Another piece of the law, effective immediately, makes employers responsible for permitting sexual harassment in the workplace of contractors, subcontractors, vendors and others providing services pursuant to contracts. Employers are liable if they knew or should have known that the sexual harassment was occurring and failed to take appropriate corrective action. This means that if a contractor or vendor of an employer is being sexually harassed by any employee of the employer, the employer may be held liable for its employees’ harassing conduct if it knew or should have known about that activity. This is a large departure from the current law, which only holds employers liable to its own employees. This change may necessitate that employers distribute their anti-harassment policies and complaint procedures to all contractors in addition to their employees, in order to reduce risk of liability and preserve any defenses.
Prohibition on Mandatory Arbitration of Sexual Harassment Claims
Effective July 11, 2018, employers are not permitted to institute mandatory arbitration agreements related to sexual harassment claims. What this means is that if an employer currently has a mandatory arbitration clause built into its standard employment agreements, separation agreements or settlement agreements, those documents will need to be edited to carve out an exception for any claims related to sexual harassment. It is unclear how or if the Federal Arbitration Act will preempt this prohibition, but it is possible we will see litigation related to preemption in the coming months.
Limiting Nondisclosure Agreements Related to Sexual Harassment Claims
Effective July 11, 2018, the law will no longer permit nondisclosure provisions in agreements settling or resolving claims involving sexual harassment that would prevent the disclosure of the underlying facts and circumstances, unless the condition of confidentiality is the complainant’s preference. To the extent a confidentiality or non-disclosure provision is used, the provision must be provided to all parties with at least 21 days to consider it. If, after the 21 days, the complainant decides to include such terms, an agreement to that effect should be signed by all parties. The complainant then has seven days to revoke his or her agreement to use the provision, and the agreement shall not become effective until that revocation period has expired. The law does not address whether a complainant may waive any portion of the 21-day review period.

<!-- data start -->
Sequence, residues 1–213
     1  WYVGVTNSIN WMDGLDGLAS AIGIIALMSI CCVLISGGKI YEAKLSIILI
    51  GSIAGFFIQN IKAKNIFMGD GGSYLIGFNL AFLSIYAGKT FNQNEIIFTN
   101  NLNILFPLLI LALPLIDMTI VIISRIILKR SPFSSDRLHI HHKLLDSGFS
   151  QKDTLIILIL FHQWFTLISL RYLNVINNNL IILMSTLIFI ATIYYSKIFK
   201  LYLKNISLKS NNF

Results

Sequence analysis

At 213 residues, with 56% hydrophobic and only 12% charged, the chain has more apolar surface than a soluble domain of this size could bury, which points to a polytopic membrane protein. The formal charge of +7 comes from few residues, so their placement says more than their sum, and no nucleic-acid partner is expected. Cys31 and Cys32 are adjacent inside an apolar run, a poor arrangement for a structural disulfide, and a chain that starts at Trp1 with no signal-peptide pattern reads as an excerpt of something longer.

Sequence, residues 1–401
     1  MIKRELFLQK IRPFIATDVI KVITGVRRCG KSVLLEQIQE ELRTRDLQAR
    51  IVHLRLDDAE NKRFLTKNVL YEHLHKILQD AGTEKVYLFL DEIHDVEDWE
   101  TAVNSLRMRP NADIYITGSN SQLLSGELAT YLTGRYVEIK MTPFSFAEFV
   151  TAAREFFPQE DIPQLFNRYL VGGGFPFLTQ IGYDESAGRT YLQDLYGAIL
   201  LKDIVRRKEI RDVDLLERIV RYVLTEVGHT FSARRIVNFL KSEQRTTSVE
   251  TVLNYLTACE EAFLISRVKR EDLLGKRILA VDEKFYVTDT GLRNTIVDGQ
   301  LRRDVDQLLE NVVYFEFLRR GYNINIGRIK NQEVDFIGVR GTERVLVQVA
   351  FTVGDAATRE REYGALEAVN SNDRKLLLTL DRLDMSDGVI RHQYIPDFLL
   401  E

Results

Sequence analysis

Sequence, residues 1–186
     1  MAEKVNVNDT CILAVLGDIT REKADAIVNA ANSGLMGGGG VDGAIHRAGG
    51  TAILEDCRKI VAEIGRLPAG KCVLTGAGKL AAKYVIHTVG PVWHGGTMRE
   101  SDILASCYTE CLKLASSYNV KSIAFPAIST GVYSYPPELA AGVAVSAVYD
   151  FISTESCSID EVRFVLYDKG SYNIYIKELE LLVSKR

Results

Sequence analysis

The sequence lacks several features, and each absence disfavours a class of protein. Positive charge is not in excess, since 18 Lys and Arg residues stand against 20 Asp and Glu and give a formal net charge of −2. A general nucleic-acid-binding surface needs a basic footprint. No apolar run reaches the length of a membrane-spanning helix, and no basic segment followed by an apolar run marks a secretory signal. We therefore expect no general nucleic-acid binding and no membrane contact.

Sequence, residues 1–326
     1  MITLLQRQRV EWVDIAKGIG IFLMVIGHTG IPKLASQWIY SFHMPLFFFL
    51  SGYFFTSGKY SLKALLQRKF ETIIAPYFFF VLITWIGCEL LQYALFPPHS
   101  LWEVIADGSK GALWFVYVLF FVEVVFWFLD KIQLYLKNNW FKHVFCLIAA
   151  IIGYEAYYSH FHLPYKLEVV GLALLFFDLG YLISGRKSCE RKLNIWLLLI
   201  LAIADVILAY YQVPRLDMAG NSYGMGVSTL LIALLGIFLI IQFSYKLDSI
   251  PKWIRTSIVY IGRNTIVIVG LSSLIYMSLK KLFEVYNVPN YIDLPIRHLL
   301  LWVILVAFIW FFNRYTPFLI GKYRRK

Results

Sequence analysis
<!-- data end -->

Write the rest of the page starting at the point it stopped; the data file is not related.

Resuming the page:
This law imposes several new requirements upon New York State employers, and they should review all existing policies and form agreements to ensure that they comport with the new requirements, some of which are effective immediately, others of which will begin to phase in over the coming months. Employers should also conduct training to ensure that all supervisors and employees understand the new provisions and requirements. As with most state law changes, there are nuances to this new law.